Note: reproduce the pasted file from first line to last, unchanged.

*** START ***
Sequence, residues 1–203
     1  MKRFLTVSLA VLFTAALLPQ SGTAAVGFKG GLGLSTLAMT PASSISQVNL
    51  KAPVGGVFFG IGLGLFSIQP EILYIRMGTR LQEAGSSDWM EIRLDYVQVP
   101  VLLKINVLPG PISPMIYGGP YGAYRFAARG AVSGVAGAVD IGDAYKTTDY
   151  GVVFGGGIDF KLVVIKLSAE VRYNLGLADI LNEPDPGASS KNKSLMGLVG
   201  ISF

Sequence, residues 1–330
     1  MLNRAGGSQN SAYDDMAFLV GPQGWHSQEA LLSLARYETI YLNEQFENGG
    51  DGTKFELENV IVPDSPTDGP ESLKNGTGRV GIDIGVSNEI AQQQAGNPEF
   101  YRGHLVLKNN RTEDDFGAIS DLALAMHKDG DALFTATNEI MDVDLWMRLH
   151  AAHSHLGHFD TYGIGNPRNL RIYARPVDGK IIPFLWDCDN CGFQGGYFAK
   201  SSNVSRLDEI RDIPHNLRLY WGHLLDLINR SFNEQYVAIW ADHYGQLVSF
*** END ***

Sequence, residues 1–203
     1  MKRFLTVSLA VLFTAALLPQ SGTAAVGFKG GLGLSTLAMT PASSISQVNL
    51  KAPVGGVFFG IGLGLFSIQP EILYIRMGTR LQEAGSSDWM EIRLDYVQVP
   101  VLLKINVLPG PISPMIYGGP YGAYRFAARG AVSGVAGAVD IGDAYKTTDY
   151  GVVFGGGIDF KLVVIKLSAE VRYNLGLADI LNEPDPGASS KNKSLMGLVG
   201  ISF

Sequence, residues 1–330
     1  MLNRAGGSQN SAYDDMAFLV GPQGWHSQEA LLSLARYETI YLNEQFENGG
    51  DGTKFELENV IVPDSPTDGP ESLKNGTGRV GIDIGVSNEI AQQQAGNPEF
   101  YRGHLVLKNN RTEDDFGAIS DLALAMHKDG DALFTATNEI MDVDLWMRLH
   151  AAHSHLGHFD TYGIGNPRNL RIYARPVDGK IIPFLWDCDN CGFQGGYFAK
   201  SSNVSRLDEI RDIPHNLRLY WGHLLDLINR SFNEQYVAIW ADHYGQLVSF